Jeff Somers was born in Jersey City, New Jersey and regrets nothing. He is the author of the Avery Cates series of novels published by Orbit Books and The Ustari Cycle books Trickster and Fabricator (Pocket Books). He sold his first novel at age 16 to a tiny publisher in California which quickly went out of business and has spent the last two decades assuring potential publishers that this was a coincidence. Jeff publishes a zine called The Inner Swine and has also published a few dozen short stories; his story “Ringing the Changes” was selected for Best American Mystery Stories 2006, edited by Scott Turow and his story “Sift, Almost Invisible, Through” appeared in the anthology Crimes by Moonlight, published by Berkley Hardcover and edited by Charlaine Harris. His guitar playing is a plague upon his household and his lovely wife The Duchess is convinced he would wither and die if left to his own devices.
Only Mostly Dead: A Return to Avery Cates
When you write for a (terrible, poverty-ridden) living, there are always certain characters you come to love almost, but not quite, as much as you love life-giving whiskey. For me, Avery Cates is one of those characters. The story of Avery’s strange journey to publication has been told elsewhere, but the thumbnail remains impossible-sounding: First draft when I was 19 years old, fast forward 15 years and I ‛sold’ it to an Internet-only publisher with a strange business model and was assigned the amazing Lili Saintcrow as an editor, and when the publisher (inevitably) went out of business, Lili said, hey, this book is great can I show it to my editor? And then my agent called me up and demanded to know why I’d never shown her the manuscript, using hurtful language that stings to this day.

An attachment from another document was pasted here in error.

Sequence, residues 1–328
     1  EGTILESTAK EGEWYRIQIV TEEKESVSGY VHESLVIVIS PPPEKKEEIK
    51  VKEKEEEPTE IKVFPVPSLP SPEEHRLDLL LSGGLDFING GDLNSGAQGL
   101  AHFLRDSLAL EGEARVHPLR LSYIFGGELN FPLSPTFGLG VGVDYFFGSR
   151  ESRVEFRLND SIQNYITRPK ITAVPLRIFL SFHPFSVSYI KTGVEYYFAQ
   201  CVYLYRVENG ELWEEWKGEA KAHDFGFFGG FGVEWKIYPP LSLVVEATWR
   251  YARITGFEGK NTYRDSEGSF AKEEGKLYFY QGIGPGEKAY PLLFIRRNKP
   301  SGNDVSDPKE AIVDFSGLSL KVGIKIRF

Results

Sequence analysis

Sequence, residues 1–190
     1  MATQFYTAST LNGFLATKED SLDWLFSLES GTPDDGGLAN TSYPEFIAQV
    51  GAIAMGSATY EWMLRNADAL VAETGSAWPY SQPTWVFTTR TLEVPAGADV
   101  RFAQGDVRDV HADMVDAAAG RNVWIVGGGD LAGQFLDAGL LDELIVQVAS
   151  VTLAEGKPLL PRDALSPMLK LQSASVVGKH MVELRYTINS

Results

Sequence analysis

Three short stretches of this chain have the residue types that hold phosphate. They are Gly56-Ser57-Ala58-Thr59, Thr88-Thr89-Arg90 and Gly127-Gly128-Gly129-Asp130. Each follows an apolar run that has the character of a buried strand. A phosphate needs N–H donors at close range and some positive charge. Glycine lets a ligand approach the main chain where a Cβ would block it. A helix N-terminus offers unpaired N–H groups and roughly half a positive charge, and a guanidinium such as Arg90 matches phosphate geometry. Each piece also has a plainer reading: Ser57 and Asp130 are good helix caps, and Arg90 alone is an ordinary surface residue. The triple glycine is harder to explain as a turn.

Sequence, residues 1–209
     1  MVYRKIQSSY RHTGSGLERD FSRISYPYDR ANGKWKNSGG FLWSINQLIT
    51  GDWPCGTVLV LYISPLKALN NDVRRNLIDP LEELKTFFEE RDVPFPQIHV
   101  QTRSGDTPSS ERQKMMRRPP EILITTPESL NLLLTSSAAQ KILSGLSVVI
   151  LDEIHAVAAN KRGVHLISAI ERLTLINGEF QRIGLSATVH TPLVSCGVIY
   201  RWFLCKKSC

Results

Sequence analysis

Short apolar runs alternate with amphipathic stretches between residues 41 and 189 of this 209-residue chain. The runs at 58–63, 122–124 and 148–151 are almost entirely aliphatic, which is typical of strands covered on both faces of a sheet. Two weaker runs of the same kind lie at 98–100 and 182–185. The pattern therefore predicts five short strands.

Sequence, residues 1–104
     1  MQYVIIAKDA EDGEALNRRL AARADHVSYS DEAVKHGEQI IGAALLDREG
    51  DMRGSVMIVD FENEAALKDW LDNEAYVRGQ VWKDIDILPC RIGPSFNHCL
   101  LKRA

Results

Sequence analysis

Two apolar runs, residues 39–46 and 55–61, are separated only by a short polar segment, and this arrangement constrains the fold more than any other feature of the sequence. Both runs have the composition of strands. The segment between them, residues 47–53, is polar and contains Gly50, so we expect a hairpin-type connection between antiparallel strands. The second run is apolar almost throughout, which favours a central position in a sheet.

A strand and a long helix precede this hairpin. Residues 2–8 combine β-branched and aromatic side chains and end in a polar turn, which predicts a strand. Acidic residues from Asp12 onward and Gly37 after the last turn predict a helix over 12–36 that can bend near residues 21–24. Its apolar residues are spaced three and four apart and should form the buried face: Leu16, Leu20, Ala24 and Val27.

After five years and five books, I put Avery to bed and turned to other novels (Chum, We Are Not Good People) and other stories … but Avery never shut up. People always ask about a new Cates novel, and I always just shrugged and said mysterious things (to be fair, shrugging and saying mysterious things is how I handle most situations, and this tactic has landed me on twenty-four hours holds in psychiatric facilities more than once, which, I suppose, means I need a new tactic). But I always have ideas for Avery.
I think, for me, the main aspect of the universe Avery exists in, the fundamental truth of the whole place, is that Things Can Always Get Worse. That’s the guiding golden rule of Avery’s world, and it’s the basic rule I applied when plotting those stories out. Part of it was always an idea in the back of my head that violence is extremely limited for solving problems, and Avery’s entire toolbox is violence. I always tried to paint Avery as the most dangerous man in any room, but almost completely powerless in a larger context. And while his skills at murder and mayhem solve acute, immediate problems, they did nothing to stop the world’s inevitable slide into chaos and, in the final book of the series, nearly-sterile heat death.
But Avery wouldn’t shut up. And so I kept sketching out ideas for a new book, and a while ago I wrote a full-on opening sequence that turned out to be a pretty solid stand-alone story. And, seeing as it’s the holidays and I am somewhat sober, I thought, why not publish it. And so I did! It’s called The Shattered Gears and it gives a hint as to where Avery’s been and what he’s going to get up to.
But don’t get too excited. The Golden Rule remains things can always get worse.